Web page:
Tuesday, October 7, 2014

Ki Tavo- It Takes A Village

V’samachta vkhol-hatov asher natan-l’kha Adonai Elohekha ul’veitekha atah v’haleivi v’hageir asher b’kir’bekha.
And you will be happy for all the good that Adonai, your God has given to you, and into your house, you, and the Levite, and the stranger that is in your midst.
Almost ten years ago Hilary Clinton wrote a book called “It Takes a Village.” With the recent release of a tenth anniversary edition, the Dallas Morning News wrote, “A decade ago, then First Lady Hillary Rodham Clinton chronicled her quest -- both deeply personal and, in the truest sense, public -- to help make our society into the kind of village that enables children to become smart, able, resilient adults. It Takes a Village is ‘a textbook for caring.... Filled with truths that are worth a read, and a reread.’” I remember when the book was released. For many, this idea seemed new in concept, but my thoughts were, “Of course. Doesn’t everyone know this?” It seems, however, that everyone does not know this, but we do. Judaism has known this for thousands of years. It is built into who we are and what we do. It is built into the reasons for our mitzvot. Care for others is a theme found throughout the Torah, the Mishnah, the Talmud, and beyond, right into many Jewishly founded tzedakot today.
Parashat Ki Tavo lays out the societal system that backs up this concept in the tithe system. This system of tithes was the first in history to provide security and care for a community. Previously, and for many generations to come in most societies, care of the downtrodden was left to families. If someone was without family, s/he was without care. Judaism built it into the society.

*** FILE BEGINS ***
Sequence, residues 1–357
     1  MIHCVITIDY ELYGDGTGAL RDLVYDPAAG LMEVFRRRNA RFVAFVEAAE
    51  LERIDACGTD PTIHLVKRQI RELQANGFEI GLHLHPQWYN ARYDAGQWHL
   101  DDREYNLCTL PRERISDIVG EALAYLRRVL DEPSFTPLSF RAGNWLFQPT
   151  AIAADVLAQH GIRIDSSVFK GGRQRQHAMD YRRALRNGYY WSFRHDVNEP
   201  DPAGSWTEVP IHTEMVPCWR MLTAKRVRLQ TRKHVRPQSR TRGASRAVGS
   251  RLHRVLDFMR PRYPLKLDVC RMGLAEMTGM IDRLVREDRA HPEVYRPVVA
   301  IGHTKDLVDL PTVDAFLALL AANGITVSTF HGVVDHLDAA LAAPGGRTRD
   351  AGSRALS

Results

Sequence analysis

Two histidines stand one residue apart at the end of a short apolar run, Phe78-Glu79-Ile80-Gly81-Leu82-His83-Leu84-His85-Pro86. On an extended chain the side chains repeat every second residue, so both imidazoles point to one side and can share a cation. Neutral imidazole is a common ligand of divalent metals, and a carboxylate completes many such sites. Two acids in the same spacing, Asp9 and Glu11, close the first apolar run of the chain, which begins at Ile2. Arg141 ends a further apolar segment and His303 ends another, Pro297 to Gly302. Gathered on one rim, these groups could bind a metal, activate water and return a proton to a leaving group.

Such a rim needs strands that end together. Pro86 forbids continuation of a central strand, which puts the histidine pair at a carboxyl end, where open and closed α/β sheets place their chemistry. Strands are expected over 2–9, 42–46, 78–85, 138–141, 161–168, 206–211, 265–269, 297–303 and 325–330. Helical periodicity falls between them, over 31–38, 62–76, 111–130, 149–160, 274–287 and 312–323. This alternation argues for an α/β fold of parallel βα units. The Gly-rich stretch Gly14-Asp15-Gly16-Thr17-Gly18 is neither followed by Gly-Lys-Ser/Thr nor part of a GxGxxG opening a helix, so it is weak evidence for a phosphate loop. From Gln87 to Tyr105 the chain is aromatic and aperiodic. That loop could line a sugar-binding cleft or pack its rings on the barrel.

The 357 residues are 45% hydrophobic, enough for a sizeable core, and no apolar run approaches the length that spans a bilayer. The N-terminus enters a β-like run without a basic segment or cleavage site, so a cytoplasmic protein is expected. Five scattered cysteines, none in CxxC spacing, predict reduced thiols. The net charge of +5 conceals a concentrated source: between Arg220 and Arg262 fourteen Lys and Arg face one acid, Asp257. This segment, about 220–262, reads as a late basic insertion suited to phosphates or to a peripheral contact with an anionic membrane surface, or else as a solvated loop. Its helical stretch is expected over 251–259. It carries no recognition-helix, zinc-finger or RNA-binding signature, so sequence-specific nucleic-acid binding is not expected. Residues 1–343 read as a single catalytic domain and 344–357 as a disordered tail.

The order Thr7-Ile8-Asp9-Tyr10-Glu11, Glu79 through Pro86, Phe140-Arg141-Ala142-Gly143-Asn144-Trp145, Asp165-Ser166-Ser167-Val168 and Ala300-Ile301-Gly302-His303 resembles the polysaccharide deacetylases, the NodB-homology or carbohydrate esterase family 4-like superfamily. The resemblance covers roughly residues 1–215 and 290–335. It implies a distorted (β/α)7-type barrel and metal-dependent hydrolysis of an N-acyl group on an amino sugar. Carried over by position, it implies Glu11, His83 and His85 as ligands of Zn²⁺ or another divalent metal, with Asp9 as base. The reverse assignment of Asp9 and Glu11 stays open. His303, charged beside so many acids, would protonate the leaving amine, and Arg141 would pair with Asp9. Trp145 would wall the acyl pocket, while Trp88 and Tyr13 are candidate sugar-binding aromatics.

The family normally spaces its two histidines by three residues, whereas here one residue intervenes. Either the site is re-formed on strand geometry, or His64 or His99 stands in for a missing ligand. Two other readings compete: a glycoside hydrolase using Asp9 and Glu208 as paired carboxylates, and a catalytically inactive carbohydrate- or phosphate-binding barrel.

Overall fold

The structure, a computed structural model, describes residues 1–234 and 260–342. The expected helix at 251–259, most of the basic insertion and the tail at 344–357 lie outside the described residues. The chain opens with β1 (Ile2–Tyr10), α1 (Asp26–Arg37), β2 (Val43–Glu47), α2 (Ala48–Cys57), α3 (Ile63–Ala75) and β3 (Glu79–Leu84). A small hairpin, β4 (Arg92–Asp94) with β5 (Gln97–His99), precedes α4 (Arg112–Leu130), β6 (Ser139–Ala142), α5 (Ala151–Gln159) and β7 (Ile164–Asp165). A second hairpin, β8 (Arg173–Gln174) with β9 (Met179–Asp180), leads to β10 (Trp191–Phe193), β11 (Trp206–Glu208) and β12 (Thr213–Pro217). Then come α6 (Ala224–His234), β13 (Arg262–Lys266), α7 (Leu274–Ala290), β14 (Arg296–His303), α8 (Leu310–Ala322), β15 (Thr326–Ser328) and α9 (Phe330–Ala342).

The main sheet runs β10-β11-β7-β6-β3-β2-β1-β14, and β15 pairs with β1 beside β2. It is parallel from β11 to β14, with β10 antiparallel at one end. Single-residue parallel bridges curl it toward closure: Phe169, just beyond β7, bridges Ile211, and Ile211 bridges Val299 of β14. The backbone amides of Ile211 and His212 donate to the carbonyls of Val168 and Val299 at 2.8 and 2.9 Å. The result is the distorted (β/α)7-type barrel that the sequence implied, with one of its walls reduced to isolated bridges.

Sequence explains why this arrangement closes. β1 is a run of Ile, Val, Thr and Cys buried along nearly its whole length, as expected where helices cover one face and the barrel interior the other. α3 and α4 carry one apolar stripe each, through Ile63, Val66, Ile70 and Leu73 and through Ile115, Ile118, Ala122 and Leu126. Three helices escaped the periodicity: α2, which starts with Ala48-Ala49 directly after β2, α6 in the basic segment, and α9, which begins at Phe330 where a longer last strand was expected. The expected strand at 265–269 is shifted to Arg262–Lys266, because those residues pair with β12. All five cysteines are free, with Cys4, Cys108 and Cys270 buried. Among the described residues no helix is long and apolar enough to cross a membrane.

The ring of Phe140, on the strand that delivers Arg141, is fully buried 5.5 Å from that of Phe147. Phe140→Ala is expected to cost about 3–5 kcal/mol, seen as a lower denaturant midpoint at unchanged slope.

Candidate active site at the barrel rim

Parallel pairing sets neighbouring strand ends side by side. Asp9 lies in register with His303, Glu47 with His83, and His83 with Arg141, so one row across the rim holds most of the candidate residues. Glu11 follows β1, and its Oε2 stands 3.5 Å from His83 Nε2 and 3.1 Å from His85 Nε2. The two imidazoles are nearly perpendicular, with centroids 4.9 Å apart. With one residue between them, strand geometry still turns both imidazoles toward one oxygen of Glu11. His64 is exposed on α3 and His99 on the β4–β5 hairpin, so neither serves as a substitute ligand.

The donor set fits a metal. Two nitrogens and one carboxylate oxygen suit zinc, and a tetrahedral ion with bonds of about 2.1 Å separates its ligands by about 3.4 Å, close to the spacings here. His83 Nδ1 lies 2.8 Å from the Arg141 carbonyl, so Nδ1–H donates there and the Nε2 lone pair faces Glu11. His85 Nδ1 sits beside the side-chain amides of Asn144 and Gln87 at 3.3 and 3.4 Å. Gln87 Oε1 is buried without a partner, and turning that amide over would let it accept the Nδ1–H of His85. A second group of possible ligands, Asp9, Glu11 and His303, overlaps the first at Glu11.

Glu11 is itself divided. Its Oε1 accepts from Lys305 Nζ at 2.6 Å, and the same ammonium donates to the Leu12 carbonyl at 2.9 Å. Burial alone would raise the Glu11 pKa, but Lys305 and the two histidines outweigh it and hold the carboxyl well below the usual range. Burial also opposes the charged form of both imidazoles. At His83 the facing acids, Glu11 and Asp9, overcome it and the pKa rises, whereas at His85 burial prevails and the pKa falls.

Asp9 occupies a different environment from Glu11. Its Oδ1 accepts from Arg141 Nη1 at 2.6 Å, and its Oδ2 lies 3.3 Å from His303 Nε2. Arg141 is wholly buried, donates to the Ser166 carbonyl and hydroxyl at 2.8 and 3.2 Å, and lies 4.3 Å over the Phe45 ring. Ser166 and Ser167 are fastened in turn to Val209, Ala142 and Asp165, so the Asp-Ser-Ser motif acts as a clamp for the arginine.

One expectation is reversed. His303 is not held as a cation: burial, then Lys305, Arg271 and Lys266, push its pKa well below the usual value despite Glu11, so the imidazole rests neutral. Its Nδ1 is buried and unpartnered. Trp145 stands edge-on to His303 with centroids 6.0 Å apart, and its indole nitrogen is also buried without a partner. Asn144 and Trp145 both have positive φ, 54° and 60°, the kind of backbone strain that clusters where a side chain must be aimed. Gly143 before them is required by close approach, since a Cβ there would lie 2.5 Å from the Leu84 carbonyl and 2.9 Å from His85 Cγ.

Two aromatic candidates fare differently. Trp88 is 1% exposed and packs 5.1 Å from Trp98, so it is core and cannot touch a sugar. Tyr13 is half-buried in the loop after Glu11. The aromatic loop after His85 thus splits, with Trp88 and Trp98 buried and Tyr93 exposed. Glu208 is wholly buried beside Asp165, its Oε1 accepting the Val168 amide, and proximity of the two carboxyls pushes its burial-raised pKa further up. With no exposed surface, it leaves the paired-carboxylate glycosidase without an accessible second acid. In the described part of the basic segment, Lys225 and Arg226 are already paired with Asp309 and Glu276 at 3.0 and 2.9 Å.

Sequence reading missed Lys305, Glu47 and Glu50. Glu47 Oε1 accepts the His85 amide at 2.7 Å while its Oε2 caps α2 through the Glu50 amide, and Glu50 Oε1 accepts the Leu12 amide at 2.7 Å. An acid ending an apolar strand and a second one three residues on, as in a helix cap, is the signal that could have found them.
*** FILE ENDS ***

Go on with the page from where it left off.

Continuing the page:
Who received the tithes? The first tithe went to the Levi’im as maintenance. Left without their own areas in the land of Israel, and with limited resources for support, this first tithe supported the Levi’im in return for their service to the community. It was meant to provide sustenance without creating a feeling if indebtedness. The Levi’im were not expected to take vows of poverty. The tithe instituted a system of fair compensation.
The second tithe had two purposes. Each year individuals made their annual pilgrimages to Jerusalem. Families needed to be able to support themselves while there and beyond. Like most sacrifices, it could redeemed in Jerusalem and eaten by those who brought it. The second tithe could also be redeemed for money, which could be spent in Jerusalem or back home. Finally, during every third year all tithes left unpaid needed to be paid. It was a time to even out all accounts. If you missed a pilgrimage now was the time to make up for it. These and any other money and materials collected in the third year was spent on the poor and needy for that year and the next two.
Amazon.ca had this to say about it taking a village: “It Takes a Village has become a classic. As relevant as ever, this anniversary edition makes it abundantly clear that the choices we make today about how we raise our children and how we support families will determine how our nation will face the challenges of this century.” We created this village thousands of years go, and have been working on it ever since.